TEMPERATURE AND LOSS OF SERVING QUALITY
In addition to disease prevention, temperature control prevents food deterioration
and loss of serving quality. When food temperature is not controlled, deterioration will
be faster. In some cases, food taste and appearance will be changed; this will make the
food unpleasant to eat and result in considerable waste.
FOOD PREPARATION AND THE TEMPERATURE DANGER ZONE
Safe temperatures mean 45 F or below and 140 F or above. Any temperature
between 45 F and 140 F is considered to be in the TEMPERATURE DANGER ZONE.
Food products have to be in the danger zone at some time during their preparation.
However, 3 hours is the maximum time that a food can be in the danger zone without
becoming dangerously contaminated. After 3 hours in the danger zone, enough
bacteria can grow to cause foodborne disease outbreaks. Unfortunately, a food does
not have to be in the danger zone for 3 consecutive hours to become a health hazard.
The time accumulates; that is, each separate period which exposes the food to danger
zone temperatures counts toward the 3-hour limit. For example, a frozen food is to be
prepared. First, the food has to be thawed. The thawing period places the food in the
danger zone. Later, the food may be mixed with other food items or chopped or cut.
This again exposes the food to dangerous temperatures. In addition, the food may be
contaminated from contact with other foods or utensils. If the food is left sitting at room
temperature, it once again is in the danger zone. From this example, you can see that it
is very easy for food to stay in the danger zone for 3 hours or more. When inspecting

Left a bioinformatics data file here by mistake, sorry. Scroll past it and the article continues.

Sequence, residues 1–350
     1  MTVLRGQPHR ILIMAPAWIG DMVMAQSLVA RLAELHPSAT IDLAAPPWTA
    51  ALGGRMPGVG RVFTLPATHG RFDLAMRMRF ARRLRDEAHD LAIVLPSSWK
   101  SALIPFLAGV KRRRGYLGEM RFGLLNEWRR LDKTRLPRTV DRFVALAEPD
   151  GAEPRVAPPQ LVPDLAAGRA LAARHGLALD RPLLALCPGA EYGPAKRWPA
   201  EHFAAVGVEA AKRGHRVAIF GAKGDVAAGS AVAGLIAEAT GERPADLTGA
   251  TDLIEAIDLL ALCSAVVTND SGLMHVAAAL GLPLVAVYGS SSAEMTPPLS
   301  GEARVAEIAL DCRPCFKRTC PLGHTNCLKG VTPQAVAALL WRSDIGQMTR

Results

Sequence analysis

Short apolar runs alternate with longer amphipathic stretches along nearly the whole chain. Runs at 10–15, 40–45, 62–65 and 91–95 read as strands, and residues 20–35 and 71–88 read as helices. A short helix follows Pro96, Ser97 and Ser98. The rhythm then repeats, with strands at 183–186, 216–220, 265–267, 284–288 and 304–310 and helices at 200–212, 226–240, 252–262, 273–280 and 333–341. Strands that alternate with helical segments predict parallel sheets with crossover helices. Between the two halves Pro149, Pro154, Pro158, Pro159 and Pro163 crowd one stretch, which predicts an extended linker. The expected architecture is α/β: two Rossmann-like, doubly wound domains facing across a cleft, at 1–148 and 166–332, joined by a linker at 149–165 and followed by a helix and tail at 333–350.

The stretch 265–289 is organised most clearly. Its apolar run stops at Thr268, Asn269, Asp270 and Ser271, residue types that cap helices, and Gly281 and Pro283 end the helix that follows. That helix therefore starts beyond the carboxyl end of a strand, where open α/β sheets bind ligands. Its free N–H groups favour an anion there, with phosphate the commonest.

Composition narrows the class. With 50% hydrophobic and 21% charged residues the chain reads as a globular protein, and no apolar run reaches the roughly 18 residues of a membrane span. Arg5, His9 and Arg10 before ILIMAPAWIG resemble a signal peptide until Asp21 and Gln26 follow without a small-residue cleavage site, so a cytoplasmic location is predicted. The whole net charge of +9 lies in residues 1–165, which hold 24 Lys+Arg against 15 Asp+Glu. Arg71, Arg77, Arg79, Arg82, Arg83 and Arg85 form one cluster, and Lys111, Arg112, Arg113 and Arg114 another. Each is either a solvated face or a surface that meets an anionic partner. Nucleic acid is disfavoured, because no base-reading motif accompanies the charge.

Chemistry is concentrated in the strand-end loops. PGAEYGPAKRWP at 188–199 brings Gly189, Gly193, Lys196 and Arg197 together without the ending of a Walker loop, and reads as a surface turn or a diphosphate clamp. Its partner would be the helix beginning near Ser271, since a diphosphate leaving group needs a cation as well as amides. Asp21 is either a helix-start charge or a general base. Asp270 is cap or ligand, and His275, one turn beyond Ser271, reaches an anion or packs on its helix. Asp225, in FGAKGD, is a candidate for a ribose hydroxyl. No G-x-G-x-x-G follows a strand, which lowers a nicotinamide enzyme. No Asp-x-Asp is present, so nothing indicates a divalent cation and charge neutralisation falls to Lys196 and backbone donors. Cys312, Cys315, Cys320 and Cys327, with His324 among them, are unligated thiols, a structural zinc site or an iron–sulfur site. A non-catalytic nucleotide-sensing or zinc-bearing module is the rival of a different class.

food preparation procedures at a full-service food facility, you must determine that
personnel are following procedures to minimize the time that potentially hazardous food
items remain in the danger zone.
BASIC PRINCIPLES OF FOOD COOLING
a. To be able to determine whether personnel are minimizing the time that a
food spends in the danger zone, you must know the basics of how foods cool.
b. As a general rule, heat is conducted more rapidly through liquid products than
through solid products. This means that solids cool at a slower rate than liquids and
remain in the danger zone for a longer period of time. Due to this, personnel must take
care to cool solid food items as quickly as possible after preparation.
c. Foods that have a high fat or starch content tend to cool slowly. These
products must also be cooled rapidly.
d. Foods with a large surface area cool more rapidly than foods with a small
e. Of particular importance is the fact that small, shallow portions of food cool
more rapidly than large, deep portions.